Various media elements
The images used in “High Rise” are a mix of New York Times archive photos and animations.
But the publishers made the photos pop off the page. One part of a still photograph would move, making it seem like video. They also used a design that looked like a scrapbook to give the photos texture.
At anytime during the video, readers could click the bottom of the screen to interact further. For example, when I clicked the bottom of the screen in part two’s ideology section, a high rise video game appeared. As the player, I needed to click the flashes of light and a crane would immediately build a new high rise. If i didn’t click fast enough, the crane would slowly sink into the city skyline.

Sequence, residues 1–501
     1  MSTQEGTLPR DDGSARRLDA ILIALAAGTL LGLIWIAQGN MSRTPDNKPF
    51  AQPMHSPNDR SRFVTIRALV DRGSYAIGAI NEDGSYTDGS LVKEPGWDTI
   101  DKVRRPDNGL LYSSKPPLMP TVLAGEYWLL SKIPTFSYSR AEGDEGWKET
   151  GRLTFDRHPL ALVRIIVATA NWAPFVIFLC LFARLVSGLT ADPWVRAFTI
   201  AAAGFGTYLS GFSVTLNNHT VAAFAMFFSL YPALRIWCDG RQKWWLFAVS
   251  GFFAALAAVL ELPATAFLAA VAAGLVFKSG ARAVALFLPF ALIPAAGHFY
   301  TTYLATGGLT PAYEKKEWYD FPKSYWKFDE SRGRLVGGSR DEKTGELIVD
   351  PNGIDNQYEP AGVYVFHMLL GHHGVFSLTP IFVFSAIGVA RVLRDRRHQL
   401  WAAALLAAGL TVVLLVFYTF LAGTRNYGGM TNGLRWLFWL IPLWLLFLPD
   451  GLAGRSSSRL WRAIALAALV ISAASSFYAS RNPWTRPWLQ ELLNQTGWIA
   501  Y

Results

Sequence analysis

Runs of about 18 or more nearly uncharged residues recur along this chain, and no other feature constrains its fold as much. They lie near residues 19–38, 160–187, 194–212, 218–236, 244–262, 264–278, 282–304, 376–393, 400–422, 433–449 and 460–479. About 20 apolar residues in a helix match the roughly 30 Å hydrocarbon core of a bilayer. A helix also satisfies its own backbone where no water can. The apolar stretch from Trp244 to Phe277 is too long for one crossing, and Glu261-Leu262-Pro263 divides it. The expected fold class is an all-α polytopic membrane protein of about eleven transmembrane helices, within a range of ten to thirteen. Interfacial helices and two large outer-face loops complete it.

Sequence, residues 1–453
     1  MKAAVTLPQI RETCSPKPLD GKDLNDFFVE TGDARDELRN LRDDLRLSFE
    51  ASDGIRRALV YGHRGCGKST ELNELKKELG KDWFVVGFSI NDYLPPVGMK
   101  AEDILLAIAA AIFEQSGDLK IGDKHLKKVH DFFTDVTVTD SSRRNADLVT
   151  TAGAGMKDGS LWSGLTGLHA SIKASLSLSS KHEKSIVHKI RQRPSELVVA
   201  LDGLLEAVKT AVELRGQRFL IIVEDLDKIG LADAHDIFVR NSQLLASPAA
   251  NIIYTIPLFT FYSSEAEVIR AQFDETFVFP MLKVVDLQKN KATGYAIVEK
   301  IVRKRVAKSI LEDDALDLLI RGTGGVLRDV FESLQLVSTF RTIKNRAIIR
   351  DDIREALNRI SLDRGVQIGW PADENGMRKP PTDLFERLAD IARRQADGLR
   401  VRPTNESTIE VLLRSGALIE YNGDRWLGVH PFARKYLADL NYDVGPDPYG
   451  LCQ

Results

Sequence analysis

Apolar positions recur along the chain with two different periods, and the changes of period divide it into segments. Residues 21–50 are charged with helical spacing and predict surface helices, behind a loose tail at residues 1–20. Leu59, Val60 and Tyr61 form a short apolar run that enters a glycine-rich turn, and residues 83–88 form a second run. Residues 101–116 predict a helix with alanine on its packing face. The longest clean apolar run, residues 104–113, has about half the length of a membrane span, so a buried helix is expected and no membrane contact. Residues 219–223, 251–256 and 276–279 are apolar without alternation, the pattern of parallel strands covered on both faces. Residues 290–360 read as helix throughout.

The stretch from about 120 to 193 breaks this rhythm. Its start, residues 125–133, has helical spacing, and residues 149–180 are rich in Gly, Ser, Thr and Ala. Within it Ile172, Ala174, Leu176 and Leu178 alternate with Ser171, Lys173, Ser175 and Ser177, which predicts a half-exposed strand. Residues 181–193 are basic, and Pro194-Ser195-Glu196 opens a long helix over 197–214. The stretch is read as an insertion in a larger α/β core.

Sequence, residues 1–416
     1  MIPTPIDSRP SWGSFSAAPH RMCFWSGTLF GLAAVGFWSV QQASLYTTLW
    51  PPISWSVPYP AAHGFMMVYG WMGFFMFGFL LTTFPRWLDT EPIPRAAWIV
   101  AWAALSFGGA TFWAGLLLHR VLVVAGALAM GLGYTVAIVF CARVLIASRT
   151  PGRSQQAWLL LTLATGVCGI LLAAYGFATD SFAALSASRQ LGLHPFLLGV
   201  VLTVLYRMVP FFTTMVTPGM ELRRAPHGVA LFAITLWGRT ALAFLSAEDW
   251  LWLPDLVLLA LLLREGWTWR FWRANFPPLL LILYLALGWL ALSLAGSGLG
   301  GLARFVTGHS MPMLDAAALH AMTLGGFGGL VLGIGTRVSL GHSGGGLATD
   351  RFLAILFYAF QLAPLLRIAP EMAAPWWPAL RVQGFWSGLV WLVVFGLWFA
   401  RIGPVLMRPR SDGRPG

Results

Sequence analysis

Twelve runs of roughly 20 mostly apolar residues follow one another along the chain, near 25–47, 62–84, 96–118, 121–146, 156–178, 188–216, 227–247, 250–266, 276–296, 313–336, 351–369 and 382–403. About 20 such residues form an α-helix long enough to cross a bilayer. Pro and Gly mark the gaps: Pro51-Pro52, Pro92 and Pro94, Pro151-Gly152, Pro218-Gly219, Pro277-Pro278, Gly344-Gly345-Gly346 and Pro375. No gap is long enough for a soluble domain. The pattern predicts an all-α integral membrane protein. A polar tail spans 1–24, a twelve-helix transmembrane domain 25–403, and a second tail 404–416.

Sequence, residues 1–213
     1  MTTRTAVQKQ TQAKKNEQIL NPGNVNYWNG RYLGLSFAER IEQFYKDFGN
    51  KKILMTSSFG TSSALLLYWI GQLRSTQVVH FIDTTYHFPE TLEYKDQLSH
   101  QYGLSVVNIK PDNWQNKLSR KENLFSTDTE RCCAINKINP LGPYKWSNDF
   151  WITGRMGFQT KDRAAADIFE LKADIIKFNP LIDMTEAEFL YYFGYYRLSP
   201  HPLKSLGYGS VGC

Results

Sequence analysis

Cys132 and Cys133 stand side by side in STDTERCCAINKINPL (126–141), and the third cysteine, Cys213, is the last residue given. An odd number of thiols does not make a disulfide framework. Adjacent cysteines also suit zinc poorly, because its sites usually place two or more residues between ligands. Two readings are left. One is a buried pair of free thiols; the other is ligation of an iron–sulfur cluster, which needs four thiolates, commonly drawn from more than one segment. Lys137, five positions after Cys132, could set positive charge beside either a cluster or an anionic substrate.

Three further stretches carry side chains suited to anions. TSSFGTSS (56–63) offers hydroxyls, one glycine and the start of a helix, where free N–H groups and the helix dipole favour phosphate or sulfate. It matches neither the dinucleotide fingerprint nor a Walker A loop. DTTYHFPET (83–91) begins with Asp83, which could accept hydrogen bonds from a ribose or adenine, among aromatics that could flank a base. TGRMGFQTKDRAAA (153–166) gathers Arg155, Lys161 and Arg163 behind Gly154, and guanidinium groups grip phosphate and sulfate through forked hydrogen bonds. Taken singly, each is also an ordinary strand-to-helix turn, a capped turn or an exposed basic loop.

Timeline or time navigation
The story is told in three parts, with an additional song that serves as part four. You can not freely navigate to random parts of the story. The reader has to allow the video to play and the story advances itself. This allows the timeline of the story to be preserved. The bottom of the screen tells you where you are the story, so that you have a sense of the timeline.
Other points of navigation
“High Rise” is high on the spectrum of interactivity and moderate in free navigation. “High Rise” does allow reader participation because it allows the readers to stop and start the story. However, it’s not the same type of navigation offered by a traditional news or information because it does not allow the reader to skip ahead to different parts of the story.